Pretty much anyone who follows politics knows that the economic theory Republicans subscribe to is something called trickle-down economics, sometimes referred to as “Reaganomics” since Ronald Reagan is most responsible for unleashing this economic ideology on the United States.
Any mention of raising taxes or ending the gigantic scam of trickle-down economics causes Republicans to spin off into some angry rant about the end of American capitalism and the rise of socialism/communism/fascism in this country. (They use the terms interchangeably because most of them don’t realize that they’re all different.)
You can throw unions in with this as well. The thought that any organization would fight for the rights of the American worker — forcing companies to actually provide things like safe working conditions, benefits, health care and respectable pay — is “un-American” and “violates the principles of capitalism.”
Yet every time I hear one of these people spout this nonsense I can’t help but think to myself, “So, prior to 1980, were we living in a socialist/communist/fascist society? Were presidents like Eisenhower, Truman, Kennedy and Nixon socialists/communists/fascists?”
However, the answers are simple — of course we weren’t and of course they weren’t.
But wait a minute, current Republicans claim that raising taxes and having strong unions violates the rules of capitalism!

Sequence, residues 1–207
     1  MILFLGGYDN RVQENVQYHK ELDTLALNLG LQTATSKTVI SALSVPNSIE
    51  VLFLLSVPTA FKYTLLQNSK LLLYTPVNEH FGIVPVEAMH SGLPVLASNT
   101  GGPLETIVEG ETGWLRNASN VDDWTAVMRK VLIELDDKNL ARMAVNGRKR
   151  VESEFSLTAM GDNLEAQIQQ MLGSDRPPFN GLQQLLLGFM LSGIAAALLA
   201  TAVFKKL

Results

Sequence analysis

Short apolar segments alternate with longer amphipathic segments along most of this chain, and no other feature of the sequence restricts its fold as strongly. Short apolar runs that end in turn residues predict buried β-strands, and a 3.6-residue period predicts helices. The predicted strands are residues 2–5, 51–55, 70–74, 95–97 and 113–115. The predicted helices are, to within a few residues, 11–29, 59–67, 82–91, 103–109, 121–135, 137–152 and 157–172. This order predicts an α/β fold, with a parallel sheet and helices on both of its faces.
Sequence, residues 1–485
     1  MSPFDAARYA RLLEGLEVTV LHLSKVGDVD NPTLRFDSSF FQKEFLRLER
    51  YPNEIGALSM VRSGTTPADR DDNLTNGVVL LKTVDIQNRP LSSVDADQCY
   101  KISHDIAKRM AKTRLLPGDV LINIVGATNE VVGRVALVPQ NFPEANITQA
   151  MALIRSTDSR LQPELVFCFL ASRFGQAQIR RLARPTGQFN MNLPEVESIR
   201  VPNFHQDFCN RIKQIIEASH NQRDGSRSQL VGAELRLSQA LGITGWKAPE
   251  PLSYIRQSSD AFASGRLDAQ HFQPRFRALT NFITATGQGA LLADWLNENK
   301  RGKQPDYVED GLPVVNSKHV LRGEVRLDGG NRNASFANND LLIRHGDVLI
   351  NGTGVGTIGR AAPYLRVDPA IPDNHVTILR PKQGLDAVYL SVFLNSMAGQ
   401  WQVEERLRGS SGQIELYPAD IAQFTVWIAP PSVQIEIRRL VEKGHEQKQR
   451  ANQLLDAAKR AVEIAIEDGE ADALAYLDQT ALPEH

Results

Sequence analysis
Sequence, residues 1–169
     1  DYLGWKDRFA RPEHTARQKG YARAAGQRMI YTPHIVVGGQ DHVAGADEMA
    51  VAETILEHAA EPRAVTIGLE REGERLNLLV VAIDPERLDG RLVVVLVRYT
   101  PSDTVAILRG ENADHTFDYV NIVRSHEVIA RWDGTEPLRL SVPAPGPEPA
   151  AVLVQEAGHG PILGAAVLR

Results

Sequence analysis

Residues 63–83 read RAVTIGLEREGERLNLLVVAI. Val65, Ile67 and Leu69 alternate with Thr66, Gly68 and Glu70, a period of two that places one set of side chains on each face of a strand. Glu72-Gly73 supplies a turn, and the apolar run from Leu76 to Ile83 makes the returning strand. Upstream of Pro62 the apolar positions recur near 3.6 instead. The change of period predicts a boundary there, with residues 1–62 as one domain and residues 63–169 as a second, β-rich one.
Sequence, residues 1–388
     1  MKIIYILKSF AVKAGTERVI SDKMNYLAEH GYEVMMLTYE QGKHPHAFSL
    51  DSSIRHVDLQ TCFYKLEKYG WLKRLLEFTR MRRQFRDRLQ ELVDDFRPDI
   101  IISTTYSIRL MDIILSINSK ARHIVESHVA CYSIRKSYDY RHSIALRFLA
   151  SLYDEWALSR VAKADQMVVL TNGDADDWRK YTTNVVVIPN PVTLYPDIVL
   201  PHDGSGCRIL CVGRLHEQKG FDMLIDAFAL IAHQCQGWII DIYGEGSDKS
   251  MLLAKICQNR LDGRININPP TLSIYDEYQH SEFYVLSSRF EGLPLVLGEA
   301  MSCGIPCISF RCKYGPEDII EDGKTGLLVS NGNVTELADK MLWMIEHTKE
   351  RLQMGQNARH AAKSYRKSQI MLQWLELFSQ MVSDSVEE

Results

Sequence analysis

Here’s a fun fact: Prior to 1980, before the true dawn of trickle-down economics, the United States was still a country with an economy driven by and based on capitalism.
Capitalism that thrived with much higher taxes and stronger unions.
See, trickle-down economics has nothing to do with capitalism. It can be a part of capitalism, but it does not define capitalism in any way. We were a capitalist country long before trickle-down economics was forced on Americans and we were much better off overall.
Trickle-down didn’t usher in capitalism into the United States, it just allowed 2% of Americans to screw over the other 98%.
This is a simple fact Republicans never mention and pretend doesn’t exist. Go ahead, ask one of them, “If trickle-down economics is so vital for American growth, why did our country experience incredible growth long before anyone had ever heard of the scam of trickle-down economics?”
You’ll rarely get an answer. And even if you do, it won’t make a whole lot of sense.
But to Republicans, they act as if trickle-down economics is what defines capitalism. Any mention of going against this well-crafted con is met with horror stories of socialism or communism. Yet, when they respond with such nonsense, are they trying to say that prior to 1980 we were a socialist or communist nation?
I doubt it.
It’s just a good thing for the Republican party that conservative voters prefer to be told what to think instead of doing it for themselves.